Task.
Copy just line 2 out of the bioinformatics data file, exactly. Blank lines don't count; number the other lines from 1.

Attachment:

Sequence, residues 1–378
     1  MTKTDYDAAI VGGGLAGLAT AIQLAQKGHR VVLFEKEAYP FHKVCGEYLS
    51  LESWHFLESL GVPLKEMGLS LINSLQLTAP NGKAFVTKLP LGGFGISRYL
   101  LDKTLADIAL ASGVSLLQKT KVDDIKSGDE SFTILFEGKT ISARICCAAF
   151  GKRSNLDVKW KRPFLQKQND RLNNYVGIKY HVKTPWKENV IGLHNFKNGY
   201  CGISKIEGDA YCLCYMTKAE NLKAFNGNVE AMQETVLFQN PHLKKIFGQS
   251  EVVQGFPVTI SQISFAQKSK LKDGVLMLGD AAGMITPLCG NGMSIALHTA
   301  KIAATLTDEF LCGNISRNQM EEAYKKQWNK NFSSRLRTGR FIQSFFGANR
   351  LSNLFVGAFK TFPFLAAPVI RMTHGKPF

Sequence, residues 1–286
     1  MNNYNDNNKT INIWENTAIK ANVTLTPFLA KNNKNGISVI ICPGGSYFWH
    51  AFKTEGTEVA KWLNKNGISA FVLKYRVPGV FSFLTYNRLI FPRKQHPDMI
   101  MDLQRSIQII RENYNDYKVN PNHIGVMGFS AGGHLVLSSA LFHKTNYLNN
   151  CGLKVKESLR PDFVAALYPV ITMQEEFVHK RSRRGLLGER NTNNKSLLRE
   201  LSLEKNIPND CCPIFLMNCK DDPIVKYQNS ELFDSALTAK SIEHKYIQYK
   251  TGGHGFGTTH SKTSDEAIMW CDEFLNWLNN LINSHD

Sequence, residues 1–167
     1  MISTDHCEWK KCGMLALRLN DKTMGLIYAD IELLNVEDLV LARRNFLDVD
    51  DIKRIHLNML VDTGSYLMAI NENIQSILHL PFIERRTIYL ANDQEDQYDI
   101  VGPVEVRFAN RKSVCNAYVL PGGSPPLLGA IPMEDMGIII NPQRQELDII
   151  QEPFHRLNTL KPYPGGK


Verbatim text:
     1  MTKTDYDAAI VGGGLAGLAT AIQLAQKGHR VVLFEKEAYP FHKVCGEYLS